• Q = the output of the decoder’s masked attention
• K = all the encoder’s hidden state vectors
• V = all the encoder’s hidden state vectors

# MLPNS

transformer model

5

Attention is all you need

Encoder + Decoder architecture

Encodes the past

Encoder + Decoder architecture

decodes the past and predicts the future

MHA acting on encoder (1)

Attention is all you need (2017)

v1 v2 v3 v4 v5 v6 v7 v8
k1 1 0.1 0.1 0.1 0.1 0.1 0.1 0.7
k2 0.2 1 0.1 0.6 0.8 0.2 0.1 0.4
k3 0.1 0.1 1 0.2 0.1 0.2 0.1 0.1
k4 0.6 0.7 0.1 1 0.5 0.9 0.1 0.5
k5 0.1 0.9 0.1 0.3 1 0.1 0.1 0.3
k6 0.1 0.5 0.3 0.7 0.3 1 0.1 0.9

The cat that ate

was

full

The cat that ate was full and happy

Encoder + Decoder architecture

decodes the past and predicts the future

a stack of N = 6 identical layers each with

(1) a multi-head self-attention mechanism act on previous decoder output,

(2) a multi-head self-attention mechanism act on encoder output,

(3) a positionwise fully connected feed-forward NN

MHA acting on encoder (1)

Attention is all you need (2017)

v1 v2 v3 v4 v5 v6 v7 v8
k1 1 0.1 0.1 0.1 0.1 0.1 0.1 0.7
k2 0.2 1 0.1 0.6 0.8 0.2 0.1 0.4
k3 0.1 0.1 1 0.2 0.1 0.2 0.1 0.1
k4 0.6 0.7 0.1 1 0.5 0.9 0.1 0.5
k5 0.1 0.9 0.1 0.3 1 0.1 0.1 0.3
k6 0.1 0.5 0.3 0.7 0.3 1 0.1 0.9

The cat that ate

was

full

The cat that ate was full and happy

Encoder + Decoder architecture

decodes the past and predicts the future

a stack of N = 6 identical layers each with

(1) a multi-head self-attention mechanism act on previous decoder output,

(2) a multi-head self-attention mechanism act on encoder output,

(3) a positionwise fully connected feed-forward NN

MHA acting on decoder (2)

Attention is all you need (2017)

Encoder + Decoder architecture

positional encoding

Attention is all you need (2017)

Encoder + Decoder architecture

positional encoding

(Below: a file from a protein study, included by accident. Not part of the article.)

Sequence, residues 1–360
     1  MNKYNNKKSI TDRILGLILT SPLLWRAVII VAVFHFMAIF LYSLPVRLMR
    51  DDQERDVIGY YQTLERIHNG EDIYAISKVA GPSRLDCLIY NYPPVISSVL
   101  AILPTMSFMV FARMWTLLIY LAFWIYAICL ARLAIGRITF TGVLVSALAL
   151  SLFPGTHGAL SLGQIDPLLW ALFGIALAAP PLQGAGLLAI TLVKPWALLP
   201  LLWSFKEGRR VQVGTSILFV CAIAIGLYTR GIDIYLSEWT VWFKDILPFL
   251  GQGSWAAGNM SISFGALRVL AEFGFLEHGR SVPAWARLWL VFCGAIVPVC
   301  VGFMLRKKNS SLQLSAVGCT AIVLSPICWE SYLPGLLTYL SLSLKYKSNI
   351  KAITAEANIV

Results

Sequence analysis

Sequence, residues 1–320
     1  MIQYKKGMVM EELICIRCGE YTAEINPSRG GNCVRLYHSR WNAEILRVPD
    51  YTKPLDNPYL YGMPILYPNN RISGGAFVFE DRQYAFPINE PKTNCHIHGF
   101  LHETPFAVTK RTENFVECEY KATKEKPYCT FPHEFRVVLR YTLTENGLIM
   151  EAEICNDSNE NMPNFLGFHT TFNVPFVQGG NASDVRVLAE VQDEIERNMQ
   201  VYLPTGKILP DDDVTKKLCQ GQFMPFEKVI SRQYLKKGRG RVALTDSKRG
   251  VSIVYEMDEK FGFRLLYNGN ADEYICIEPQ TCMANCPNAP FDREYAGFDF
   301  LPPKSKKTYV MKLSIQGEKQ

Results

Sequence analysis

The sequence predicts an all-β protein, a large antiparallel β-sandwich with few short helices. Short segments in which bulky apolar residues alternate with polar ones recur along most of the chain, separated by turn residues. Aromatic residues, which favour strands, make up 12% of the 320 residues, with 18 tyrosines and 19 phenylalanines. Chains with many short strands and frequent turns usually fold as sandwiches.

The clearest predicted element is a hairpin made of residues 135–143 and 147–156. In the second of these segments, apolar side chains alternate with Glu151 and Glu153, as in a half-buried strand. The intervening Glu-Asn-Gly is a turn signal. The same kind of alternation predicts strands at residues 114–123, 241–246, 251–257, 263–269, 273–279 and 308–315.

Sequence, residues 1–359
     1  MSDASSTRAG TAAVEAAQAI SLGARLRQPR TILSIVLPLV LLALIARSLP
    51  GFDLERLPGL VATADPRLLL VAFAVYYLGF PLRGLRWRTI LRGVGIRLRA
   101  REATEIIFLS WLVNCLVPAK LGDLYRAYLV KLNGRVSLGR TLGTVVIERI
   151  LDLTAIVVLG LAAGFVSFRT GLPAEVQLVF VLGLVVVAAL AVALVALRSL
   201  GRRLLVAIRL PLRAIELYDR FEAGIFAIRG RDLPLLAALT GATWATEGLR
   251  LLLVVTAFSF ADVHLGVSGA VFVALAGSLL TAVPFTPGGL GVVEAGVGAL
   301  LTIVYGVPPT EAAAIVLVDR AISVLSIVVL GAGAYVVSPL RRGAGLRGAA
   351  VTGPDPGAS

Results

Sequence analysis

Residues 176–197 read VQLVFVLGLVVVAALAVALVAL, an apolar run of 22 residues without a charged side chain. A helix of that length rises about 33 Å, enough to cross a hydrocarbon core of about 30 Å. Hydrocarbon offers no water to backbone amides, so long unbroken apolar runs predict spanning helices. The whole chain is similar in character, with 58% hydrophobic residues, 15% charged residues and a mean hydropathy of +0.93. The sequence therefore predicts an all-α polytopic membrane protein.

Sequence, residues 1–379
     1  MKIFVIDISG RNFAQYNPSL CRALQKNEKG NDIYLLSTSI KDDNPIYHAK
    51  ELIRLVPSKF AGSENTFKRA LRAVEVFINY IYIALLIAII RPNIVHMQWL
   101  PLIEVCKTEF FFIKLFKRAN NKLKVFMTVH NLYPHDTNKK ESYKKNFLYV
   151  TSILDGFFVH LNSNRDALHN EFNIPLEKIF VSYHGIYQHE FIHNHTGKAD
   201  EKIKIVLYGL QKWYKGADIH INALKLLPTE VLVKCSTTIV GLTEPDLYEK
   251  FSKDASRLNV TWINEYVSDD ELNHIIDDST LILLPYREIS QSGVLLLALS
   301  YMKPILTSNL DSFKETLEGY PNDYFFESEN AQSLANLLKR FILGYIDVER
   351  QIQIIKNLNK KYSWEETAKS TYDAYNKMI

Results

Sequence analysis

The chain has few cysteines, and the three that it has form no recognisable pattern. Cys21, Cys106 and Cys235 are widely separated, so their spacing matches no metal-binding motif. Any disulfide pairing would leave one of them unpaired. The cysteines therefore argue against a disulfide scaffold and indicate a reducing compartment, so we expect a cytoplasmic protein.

Attention is all you need (2017)

Encoder + Decoder architecture

positional encoding

Attention is all you need (2017)

Attention is all you need (2017)

Encoder + Decoder architecture

Input

Embedding

Positional encoding

Encoder attention

Output

Embedding

Positional encoding

Decoder attention

Encoder-Decoder attention

Feed Forward

Linear

Softmax

Attention is all you need (2017)

LAB:

show that the keras example of time series analysis with tensorflow..... is wrong!!

- visualize and familiarize with the data (which the authors of the notebook had not done)

- create a model like the one that they created (takes a while to train, I saved a pretrained version for you)

- look a the loss, which they did not do

- remove the attention block and compare the models

https://github.com/fedhere/MLPNS_FBianco/blob/main/transformers/assess_TS_classification_w_tensorflow.ipynb

Text

The FordA dataset

This data was originally used in a competition in the IEEE World Congress on Computational Intelligence, 2008. The classification problem is to diagnose whether a certain symptom exists or does not exist in an automotive subsystem. Each case consists of 500 measurements of engine noise and a classification. There are two separate problems: For FordA the Train and test data set were collected in typical operating conditions, with minimal noise contamination.

Either - Attention is all you need

# resources

A video on transformer which I think is really good!

A video on attention (with a different accent than the one I subjected you all this time!)

# resources

Tutorial

#### Copy of MLTSA11 2022

By federica bianco

transformers

• 351